Serving Patients in Maryland and Delaware
The Potentially Serious Consequences of Hearing Loss
Acknowledging a Hearing Loss Problem
Many people are aware that their hearing has deteriorated but are reluctant to seek help. Perhaps they don’t want to acknowledge the problem, are embarrassed by what they see as a weakness, or believe that they can “get by” without using a hearing aid. And, unfortunately, too many wait years, even decades, to address the effects of hearing loss before getting treatment.
But time and again, research demonstrates the considerable effects of hearing loss on development as well as negative social, psychological, cognitive and health effects of untreated hearing loss. Each can have far-reaching implications that go well beyond hearing alone. In fact, those who have difficulty hearing can experience such distorted and incomplete communication that it seriously impacts their professional and personal lives, at times leading to isolation and withdrawal.
Studies have linked untreated hearing loss effects to:
- Irritability, negativism and anger
- Fatigue, tension, stress and depression
- Avoidance or withdrawal from social situations
- Social rejection and loneliness
- Reduced alertness and increased risk to personal safety
- Impaired memory and ability to learn new tasks
- Reduced job performance and earning power
- Diminished psychological and overall health
Hearing loss is not just an ailment of old age
It can strike at any time and any age, even childhood. For the young, even a mild or moderate case of hearing loss could bring difficulty learning, developing speech and building the important interpersonal skills necessary to foster self-esteem and succeed in school and life.
At Sound Advice Hearing Aid Centers, our mission is to help educate the public about hearing loss and promote the importance of prevention and treatment. If you think you or a loved one suffers from hearing loss, don’t delay another day. Visit a hearing healthcare professional and take the first step toward a world of better hearing. To learn more about how we can help you at Sound Advice Hearing Aid Centers please call us at 888-262-2613 or visit us at www.sahac.com.
Hearing Loss and Dementia
Facts we should know…
Greater emphasis is being placed on hearing health in 2014. As mature adults, we should routinely remind ourselves to have our hearing checked. It is important to be aware of the risks, if we ignore hearing loss – dangers that include certain life-threatening comorbidities.
“Seniors with hearing loss are significantly more likely to develop dementia over time than those who retain their hearing … Our findings emphasize just how important it is for physicians to discuss hearing with their patients and to be proactive in addressing any hearing declines over time.”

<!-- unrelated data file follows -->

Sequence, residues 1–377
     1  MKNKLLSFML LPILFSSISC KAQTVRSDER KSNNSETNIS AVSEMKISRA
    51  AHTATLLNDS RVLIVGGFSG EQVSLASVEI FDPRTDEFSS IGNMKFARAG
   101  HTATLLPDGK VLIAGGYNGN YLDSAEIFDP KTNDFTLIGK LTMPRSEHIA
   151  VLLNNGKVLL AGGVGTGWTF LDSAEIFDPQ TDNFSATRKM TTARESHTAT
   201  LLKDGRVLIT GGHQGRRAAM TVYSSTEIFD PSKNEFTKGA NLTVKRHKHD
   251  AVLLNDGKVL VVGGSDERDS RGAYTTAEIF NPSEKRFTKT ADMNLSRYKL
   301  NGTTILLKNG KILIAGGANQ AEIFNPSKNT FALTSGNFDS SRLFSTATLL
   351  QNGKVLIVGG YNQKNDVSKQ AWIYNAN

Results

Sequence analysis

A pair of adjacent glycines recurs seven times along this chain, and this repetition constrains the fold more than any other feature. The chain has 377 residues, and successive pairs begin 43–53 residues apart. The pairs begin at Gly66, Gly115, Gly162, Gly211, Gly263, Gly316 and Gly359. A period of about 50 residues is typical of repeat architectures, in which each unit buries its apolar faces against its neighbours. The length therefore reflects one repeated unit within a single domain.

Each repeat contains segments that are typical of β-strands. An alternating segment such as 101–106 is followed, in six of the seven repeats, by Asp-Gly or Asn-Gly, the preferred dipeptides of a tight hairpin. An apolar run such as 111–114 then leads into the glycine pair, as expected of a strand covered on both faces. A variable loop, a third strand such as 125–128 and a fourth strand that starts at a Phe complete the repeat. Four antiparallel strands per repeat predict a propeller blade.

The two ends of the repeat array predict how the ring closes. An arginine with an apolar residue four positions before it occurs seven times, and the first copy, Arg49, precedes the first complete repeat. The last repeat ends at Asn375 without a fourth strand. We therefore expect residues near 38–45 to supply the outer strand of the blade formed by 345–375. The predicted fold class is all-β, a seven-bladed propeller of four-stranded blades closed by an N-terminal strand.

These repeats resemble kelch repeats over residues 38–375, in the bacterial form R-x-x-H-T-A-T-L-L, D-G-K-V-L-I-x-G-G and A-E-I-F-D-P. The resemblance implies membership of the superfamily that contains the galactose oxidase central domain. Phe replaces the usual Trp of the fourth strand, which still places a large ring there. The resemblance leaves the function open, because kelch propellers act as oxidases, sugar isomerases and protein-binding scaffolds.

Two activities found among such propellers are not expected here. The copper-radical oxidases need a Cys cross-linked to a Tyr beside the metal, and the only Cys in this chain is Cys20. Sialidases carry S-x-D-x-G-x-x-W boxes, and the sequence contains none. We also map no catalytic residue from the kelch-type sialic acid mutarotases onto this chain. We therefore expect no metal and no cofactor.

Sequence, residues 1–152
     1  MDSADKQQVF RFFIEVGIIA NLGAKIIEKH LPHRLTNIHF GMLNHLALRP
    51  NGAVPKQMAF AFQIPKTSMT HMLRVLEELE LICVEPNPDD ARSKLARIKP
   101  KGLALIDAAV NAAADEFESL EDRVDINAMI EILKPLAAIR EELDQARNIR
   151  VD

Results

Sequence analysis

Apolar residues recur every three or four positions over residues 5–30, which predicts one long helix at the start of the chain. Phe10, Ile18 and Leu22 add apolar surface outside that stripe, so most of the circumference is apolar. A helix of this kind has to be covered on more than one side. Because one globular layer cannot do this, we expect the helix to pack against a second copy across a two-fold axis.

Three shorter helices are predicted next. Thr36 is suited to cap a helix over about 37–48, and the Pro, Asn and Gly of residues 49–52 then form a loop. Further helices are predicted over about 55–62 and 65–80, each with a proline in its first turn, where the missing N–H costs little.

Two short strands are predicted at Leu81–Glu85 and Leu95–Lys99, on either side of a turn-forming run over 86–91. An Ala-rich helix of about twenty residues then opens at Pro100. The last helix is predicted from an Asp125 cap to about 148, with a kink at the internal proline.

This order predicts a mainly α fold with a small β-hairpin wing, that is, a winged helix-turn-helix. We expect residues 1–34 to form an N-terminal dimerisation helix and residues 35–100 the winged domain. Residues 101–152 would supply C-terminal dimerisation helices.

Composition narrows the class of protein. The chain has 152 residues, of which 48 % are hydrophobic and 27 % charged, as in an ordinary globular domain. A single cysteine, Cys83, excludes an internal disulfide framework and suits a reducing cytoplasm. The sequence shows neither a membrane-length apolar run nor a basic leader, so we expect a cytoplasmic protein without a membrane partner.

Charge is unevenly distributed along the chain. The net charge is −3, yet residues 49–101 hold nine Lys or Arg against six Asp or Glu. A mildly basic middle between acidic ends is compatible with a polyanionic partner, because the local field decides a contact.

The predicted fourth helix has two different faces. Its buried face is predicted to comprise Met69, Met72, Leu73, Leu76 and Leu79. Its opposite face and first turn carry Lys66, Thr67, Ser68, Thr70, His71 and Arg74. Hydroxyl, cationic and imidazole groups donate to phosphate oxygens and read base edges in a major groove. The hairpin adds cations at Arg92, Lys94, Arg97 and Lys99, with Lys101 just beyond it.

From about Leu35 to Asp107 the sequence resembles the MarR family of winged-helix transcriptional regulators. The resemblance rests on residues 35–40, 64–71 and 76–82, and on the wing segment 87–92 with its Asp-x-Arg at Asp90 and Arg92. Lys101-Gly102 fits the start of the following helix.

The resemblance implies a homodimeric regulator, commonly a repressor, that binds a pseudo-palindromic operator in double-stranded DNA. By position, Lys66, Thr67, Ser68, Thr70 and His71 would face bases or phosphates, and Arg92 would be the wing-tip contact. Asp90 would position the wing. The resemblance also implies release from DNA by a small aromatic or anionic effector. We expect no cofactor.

The link between untreated hearing loss and development of dementia and Alzheimer’s disease. Multiple studies indicate hearing loss can be linked to the onset of dementia and Alzheimer’s disease.
Leaving hearing loss untreated could pose a serious risk that has not been widely shared with the hearing impaired population. Providing this information will encourage patients and their loved ones to make more informed and timely decisions about their hearing care.
A Study Correlating Hearing Loss and Dementia
Frank R. Lin, MD, Ph.D conducted a study commonly cited by medical professionals on the topic of hearing loss and cognitive decline. The study observed 1,984 adults with a mean age of 77.4 years over the course of six years, tracking the progression of their hearing loss in relation to their cognitive function.
Dr. Lin concluded that while further research was needed to identify the mechanics of how and why hearing loss and cognitive decline are related, there is little doubt that hearing loss is a factor in loss of mental acuity in older adults. The study also indicated that the more severe the hearing loss, the greater the likelihood of developing a cognitive disorder, and the steeper the decline in mental function.
However, even subjects with mild hearing loss were found more likely to experience cognitive failures. “Declines in hearing abilities may accelerate gray matter atrophy and increase the listening effort necessary to comprehend speech … Hearing aids may not only improve hearing but preserve the brain.”
At the time the initial study results were released, Dr. Lin and other experts put forth several theories as to why hearing loss may lead to dementia and Alzheimer’s disease:
- The effort it takes those with hearing loss to hear and comprehend creates a regular strain that interferes with normal cognition
- Hearing impaired people tend to withdraw socially and the lack of regular interaction leads to mental stagnation
- A combination of all these factors contributes to cognitive declineHearing Health PDF